Curren$y - The Stoned Immaculate | Album Review | By Volume

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Curren$y

The Stoned Immaculate

High as a kite Curren$y still finds time to rap circles around most of his peers.

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Author: on June 13, 2012
7.5
Jet Life Recordings / Def Jam
June 5, 2012

I think Curren$y knows. “My reputation precedes me” he explains while assuring us: “I do it like I’m doing it for TV,” on his new record and aptly titled The Stoned Immaculate. Lawsuits with old record labels aside Curren$sy seems to occupy that excellent position in the underground where you are making money, you have earned your fans and peers respect and yet are skilled enough to rest on your laurels for a bit. As Spitta likes to constantly remind his competition: he is usually a few steps ahead waiting for folks to catch up. Since releasing his first real LP proper in This Ain’t No Mixtape (2009) the man has for the most part been on an absurd tear. From dropping multiple excellent full lengths in a single year (most songs helmed by a single producer at that) then following that up run with an arguably stronger string of LPs, extended EPs and mixtapes—the New Orleans native really has little left to prove. Could be why it is so very easy to leave The Stone Immaculate feeling somewhat shortchanged in that for about three years now we have heard this hazy, soul soaked, jazzy Southern Rap without fail. Thing is by all accounts the Jet is still on course.

What can be difficult about The Stoned Immaculate initially is how fractured it comes off as. Whereas his last few records since Pilot Talk (2010)—save the cringe-inducing Muscle Car Chronicles (2012)—have all for the most part been under the control of a single producer Immaculate truly feels like his first major label record. Even as the excellent Weekend At Burnies (2011) was released through Warner Bros. like Immaculate, that record was almost completely constructed by MonstaBeats. Fittingly so as Curren$y has proven his talent at molding with producers for the long haul. His albums all have this distinct veil encapsulating them. Slight veers in style projected as aesthetics yet each time it gave his records freshness as he continued to rap more and more fiercely. The Stone Immaculate featuring contributions from a variety of exceptional guests (2Chainz, Daz Dillinger, Wale) and a grab-bag of well-known to in-house production (Pharell, K.R.I.T, J.U.S.T.I.C.E. League) is at times overstuffed.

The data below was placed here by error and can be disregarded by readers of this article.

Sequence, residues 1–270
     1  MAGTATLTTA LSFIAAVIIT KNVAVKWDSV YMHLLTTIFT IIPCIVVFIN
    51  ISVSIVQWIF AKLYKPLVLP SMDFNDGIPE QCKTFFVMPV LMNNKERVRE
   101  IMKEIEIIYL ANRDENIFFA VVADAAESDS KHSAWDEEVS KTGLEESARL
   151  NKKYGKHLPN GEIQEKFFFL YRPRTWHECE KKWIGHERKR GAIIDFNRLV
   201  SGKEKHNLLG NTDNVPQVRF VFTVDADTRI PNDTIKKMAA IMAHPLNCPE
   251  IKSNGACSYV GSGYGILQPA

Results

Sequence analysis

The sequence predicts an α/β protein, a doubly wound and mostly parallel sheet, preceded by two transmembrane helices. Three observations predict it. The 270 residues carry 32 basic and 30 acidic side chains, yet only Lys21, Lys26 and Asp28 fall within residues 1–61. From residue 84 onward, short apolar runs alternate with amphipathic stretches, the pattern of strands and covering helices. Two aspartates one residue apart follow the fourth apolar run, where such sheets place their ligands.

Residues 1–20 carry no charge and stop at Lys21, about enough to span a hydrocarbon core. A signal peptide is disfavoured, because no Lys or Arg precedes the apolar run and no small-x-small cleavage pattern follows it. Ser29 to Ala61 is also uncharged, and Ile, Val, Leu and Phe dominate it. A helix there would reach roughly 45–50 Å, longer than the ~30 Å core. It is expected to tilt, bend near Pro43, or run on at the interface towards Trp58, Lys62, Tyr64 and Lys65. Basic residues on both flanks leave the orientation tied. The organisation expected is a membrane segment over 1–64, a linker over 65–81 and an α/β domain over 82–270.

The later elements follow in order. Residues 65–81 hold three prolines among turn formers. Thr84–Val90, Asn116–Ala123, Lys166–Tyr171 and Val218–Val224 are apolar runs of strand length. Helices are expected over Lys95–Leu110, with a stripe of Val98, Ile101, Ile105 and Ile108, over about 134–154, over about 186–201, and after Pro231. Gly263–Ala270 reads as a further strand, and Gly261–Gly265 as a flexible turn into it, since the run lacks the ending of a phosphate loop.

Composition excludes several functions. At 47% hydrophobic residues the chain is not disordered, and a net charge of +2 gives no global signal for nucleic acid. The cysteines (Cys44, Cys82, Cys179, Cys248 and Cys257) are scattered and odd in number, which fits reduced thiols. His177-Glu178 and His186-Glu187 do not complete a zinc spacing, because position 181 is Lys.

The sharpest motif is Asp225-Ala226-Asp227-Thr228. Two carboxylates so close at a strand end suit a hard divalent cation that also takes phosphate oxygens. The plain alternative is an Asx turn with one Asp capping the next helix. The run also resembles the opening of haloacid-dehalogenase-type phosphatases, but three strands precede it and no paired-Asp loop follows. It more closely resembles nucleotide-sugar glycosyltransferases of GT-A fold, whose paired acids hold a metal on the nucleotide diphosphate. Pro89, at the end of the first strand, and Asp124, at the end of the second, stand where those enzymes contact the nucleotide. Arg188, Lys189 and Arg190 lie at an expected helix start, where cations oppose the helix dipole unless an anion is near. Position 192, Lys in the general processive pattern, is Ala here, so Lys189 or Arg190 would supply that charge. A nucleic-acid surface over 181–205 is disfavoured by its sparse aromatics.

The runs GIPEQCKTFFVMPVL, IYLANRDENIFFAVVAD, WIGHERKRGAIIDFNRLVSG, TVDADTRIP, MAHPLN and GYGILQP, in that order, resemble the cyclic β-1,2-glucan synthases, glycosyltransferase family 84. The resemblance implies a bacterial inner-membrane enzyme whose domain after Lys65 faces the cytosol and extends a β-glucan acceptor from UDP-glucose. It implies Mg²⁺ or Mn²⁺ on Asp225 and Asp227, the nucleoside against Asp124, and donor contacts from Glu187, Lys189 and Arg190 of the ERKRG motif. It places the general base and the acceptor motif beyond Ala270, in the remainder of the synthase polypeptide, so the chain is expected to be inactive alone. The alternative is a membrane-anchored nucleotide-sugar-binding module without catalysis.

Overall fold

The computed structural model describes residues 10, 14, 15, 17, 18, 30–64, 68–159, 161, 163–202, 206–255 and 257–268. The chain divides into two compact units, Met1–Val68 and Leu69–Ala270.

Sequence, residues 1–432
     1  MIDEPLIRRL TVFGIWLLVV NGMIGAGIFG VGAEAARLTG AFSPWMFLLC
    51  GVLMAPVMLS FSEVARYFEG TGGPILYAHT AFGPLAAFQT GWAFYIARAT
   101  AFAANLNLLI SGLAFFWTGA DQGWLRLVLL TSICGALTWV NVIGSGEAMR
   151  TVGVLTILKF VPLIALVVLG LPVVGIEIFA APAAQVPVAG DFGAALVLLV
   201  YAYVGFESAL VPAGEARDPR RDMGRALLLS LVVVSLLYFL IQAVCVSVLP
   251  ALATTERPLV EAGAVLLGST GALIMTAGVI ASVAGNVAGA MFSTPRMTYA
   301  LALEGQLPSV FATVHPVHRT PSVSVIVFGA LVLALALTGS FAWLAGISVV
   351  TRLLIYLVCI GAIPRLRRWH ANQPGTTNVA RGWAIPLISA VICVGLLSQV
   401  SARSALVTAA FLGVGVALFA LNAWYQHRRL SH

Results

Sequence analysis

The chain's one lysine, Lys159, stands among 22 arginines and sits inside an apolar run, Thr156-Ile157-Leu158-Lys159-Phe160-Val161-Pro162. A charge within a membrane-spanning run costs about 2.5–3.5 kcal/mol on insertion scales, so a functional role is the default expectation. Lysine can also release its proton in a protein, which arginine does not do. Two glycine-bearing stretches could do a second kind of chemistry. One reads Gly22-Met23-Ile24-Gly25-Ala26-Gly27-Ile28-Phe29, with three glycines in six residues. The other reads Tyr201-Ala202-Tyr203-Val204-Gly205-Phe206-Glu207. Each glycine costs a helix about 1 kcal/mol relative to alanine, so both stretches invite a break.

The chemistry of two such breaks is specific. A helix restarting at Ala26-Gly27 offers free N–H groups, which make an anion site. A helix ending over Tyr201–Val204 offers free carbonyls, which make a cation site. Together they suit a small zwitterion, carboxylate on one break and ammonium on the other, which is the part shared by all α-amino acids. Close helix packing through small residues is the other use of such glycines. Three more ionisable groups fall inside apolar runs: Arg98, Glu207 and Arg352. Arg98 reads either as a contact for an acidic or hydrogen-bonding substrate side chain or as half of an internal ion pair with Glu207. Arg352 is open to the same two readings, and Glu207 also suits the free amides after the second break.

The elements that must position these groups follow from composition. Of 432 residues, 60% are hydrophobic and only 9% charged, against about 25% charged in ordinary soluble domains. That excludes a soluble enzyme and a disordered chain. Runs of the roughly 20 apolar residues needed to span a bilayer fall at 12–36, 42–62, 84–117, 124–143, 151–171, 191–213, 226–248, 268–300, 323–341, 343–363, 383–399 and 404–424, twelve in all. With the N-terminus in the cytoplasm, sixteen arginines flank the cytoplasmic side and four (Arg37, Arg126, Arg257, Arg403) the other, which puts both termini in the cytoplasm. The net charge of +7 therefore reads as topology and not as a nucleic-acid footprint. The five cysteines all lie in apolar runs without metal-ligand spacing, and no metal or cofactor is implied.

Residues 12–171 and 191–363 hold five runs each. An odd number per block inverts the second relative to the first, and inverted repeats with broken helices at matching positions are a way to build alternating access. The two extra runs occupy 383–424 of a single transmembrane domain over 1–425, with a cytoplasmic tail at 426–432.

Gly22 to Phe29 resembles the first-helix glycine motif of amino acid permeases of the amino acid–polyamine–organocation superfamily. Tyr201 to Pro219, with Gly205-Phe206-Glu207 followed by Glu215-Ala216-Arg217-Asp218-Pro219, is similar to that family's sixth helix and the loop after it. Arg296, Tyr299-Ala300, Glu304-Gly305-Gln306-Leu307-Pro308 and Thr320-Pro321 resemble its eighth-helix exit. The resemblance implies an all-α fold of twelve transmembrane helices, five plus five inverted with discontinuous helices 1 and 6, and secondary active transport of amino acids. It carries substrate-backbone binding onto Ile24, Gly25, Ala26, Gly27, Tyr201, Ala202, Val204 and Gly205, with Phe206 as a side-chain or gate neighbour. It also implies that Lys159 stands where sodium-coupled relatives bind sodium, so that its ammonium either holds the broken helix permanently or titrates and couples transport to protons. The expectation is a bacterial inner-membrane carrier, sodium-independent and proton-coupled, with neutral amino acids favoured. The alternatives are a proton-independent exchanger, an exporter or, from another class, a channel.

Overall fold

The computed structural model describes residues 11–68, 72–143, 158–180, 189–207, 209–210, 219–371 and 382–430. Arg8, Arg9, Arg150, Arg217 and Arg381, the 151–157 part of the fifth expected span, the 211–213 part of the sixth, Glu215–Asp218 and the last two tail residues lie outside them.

For the most part though Spitta functions as a bit of a grounding presence for the skyward bound beats on The Stoned Immaculate; the albums weirdly saccharine production actually creates a wonderful dichotomy with Curren$y’s inherent chill. Even as songs such as the Estelle assisted “That’s The Thing” or “Take You There” featuring  Marsha Ambrosius (formerly of FLOetry) reek a little too much of Top 40 it is Curren$y who keeps them tightly knit. “And I hear what you be sayin’/And I feel your point of view/But somewhere I forget that shit/get caught up in the loot/Late night speedin’ them coupes/I respect it if you left me/but I’m glad you never do,” he expresses on the former. Portraying himself once more as constantly the vivid wordsmith even has he may have turned on the autopilot to get back to that party bumping in the cabin.

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